The Huntington girls’ track and field team needed contributions from its sprinters and hurdlers, distance runners and field event specialists to put it in a position to overtake East Islip in the final event and lift the Blue Devils to their first-ever Suffolk County Division II spring championship last Thursday at Northport High School.

Huntington nipped East Islip in the final team standings by a mere two points, 91-89. The outcome wasn’t decided until 4×400-meter relay anchor Katie Nugent’s all-out sprint in the final 100 meters of that race produced a first-place finish and gave the Blue Devils the title they have coveted all spring.

“What a meet!” Huntington head coach Shawn Anderson said. “That was one of the most exciting meets I have ever been a part of, especially since we were in the mix of it. As a coach, I knew that we were prepared, but it was up to the athletes to rise to the occasion and they proved why they were the best team out there today in Division II. [East Islip] pushed us all the way to the end.”

Huntington trailed East Islip heading into the shot put and the relays, 75-66, but Betty Huitt came up big for the team in shot put, shattering her previous personal best with a throw that measured 34-8 1/2, to place fourth and capture four team points, to inch the Blue Devils closer to the top.

Alexandra Koumas leaps over the hurdle for Huntington. Photo by Darin Reed
Alexandra Koumas leaps over the hurdle for Huntington. Photo by Darin Reed

In the 4×800 relay, the team of Nugent, Nicole Abbondandelo, Alexandra Koumas and Suzie Petryk turned in a gutty performance. The foursome notched a winning time of 9 minutes, 38.65 seconds, just shy of their best this spring, but notable in light of the fact that most of athletes had run two prior races, including Koumas, who only had about 30 minutes rest after her 400 hurdles final. East Islip took third in the race.

The 4×100 relay was next, and the Blue Devils team of Samantha Glicker, Lexi Mills, Maliyah Davis-Coddington and Marina Ruzic earned Huntington a valuable point with a sixth place finish in 52.47 seconds. East Islip took second in the race.

As Huntington’s 4×400 relay team of Nugent, Anna Gulizio, Latoya Shand and Alexis Pastorelli took the track, Anderson knew that a victory in the race would give the Blue Devils the Suffolk Division II title. A second place finish would give the team a tie in the standings with East Islip and a third place finish would mean letting the county crown slip through their collective fingers.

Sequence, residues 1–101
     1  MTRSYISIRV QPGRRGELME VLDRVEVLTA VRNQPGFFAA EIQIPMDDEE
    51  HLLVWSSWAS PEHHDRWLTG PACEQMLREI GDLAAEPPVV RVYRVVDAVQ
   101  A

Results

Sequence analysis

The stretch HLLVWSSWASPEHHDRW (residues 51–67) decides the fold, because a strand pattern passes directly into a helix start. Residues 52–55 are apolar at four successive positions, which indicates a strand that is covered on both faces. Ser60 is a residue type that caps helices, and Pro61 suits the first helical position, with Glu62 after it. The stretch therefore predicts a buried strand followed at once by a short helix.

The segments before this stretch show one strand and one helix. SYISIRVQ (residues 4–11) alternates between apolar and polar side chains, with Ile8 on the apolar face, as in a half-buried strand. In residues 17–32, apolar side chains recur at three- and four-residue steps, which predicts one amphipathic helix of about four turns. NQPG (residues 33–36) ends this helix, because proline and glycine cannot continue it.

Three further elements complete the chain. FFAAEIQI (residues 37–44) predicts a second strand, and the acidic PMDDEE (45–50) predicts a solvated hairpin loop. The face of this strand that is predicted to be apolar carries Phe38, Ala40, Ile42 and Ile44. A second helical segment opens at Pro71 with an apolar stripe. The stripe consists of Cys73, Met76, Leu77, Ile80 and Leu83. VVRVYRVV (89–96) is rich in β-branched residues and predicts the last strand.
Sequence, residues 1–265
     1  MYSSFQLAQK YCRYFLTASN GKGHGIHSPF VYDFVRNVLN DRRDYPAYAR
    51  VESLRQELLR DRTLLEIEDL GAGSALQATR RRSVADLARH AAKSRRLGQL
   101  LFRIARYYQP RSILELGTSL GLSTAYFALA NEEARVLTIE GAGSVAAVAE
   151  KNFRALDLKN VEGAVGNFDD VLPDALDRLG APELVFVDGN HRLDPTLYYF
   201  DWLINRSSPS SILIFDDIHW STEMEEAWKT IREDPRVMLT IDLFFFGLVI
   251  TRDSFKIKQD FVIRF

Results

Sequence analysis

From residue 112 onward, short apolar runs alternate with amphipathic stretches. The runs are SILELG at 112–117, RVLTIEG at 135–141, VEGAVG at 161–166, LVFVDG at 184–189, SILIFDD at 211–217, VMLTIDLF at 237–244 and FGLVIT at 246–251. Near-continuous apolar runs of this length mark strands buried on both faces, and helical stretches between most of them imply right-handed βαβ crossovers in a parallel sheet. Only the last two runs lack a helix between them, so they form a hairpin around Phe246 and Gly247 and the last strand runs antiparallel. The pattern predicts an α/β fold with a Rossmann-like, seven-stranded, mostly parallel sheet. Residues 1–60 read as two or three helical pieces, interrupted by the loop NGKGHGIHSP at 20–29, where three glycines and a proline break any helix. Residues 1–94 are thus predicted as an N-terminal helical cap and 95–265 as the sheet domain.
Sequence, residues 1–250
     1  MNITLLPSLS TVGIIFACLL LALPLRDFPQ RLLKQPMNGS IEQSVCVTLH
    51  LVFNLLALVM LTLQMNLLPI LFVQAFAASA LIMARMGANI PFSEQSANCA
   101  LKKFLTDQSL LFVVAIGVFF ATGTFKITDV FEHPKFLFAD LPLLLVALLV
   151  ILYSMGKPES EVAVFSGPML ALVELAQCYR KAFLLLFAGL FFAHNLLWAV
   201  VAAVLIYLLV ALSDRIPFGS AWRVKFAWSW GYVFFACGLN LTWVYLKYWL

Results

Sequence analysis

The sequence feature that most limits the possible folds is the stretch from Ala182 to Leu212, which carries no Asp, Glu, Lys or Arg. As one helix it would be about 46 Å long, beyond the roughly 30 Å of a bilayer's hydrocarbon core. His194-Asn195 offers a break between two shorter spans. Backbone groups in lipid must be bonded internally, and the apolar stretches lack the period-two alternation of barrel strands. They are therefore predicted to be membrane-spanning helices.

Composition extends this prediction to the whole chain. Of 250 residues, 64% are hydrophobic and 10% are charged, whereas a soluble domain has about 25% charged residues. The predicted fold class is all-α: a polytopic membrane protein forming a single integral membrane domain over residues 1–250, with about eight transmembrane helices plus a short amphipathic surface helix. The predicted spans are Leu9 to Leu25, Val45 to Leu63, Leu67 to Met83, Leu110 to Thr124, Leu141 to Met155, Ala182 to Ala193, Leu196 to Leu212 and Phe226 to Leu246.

The team’s splits of 59.6, 58.5, 1:02.9 and 58.6 produced a new school record of 3:59.64.

“We were in second going into the final leg,” Anderson said. Nugent accelerated going into the final turn and caught West Babylon at the top of the stretch. It was an all-out sprint in the final 100 meters, producing a victory by a mere 65/100ths of a second.

“It was one of the most intense races I have seen, and with the win, came the title,” Anderson said. Since East Islip didn’t have a team running in the race, they were unable to score any points, while Huntington’s finish allowed it to overcome its deficit.

In other action, Petryk and Nugent finished first and second, respectively, in the 800. Petryk covered the distance in an efficient time of 2:16.18. Nugent just edged out the third place finisher from Half Hollow Hills West by 4/100ths of a second, with a personal best time of 2:19.22.

In the 400 hurdles, Koumas set a new Huntington record by posting a time of 1:05.06 as she swept across the finish line in second place. In the 3,000, Abbondandelo finished third after a “super-fast start,” Anderson said.

The freshman crossed the line in 10:44.99.

Nina Cartwright threw a personal best distance of 91-2, just missing a top six finish in discus.

Petryk cruised to victory in 7:12.80 in the 2,000 steeplechase, and Pastorelli finished fifth, in 7:43.90, a new personal best time. Petryk raced in the 1,500 soon after, and finished second in 4:52.54, making sure to save some energy for the all-important relay that was contested near the end of the competition. Abbondandelo placed fifth in a new personal best time of 4:58.96.

Shand finished fourth in 58.63 in the 400 dash.

“Latoya was an unsung hero for us as she ran four races on Tuesday and two races on Thursday for us,” Anderson said. “She’s quiet, yet fierce, and always lays it out on the track.”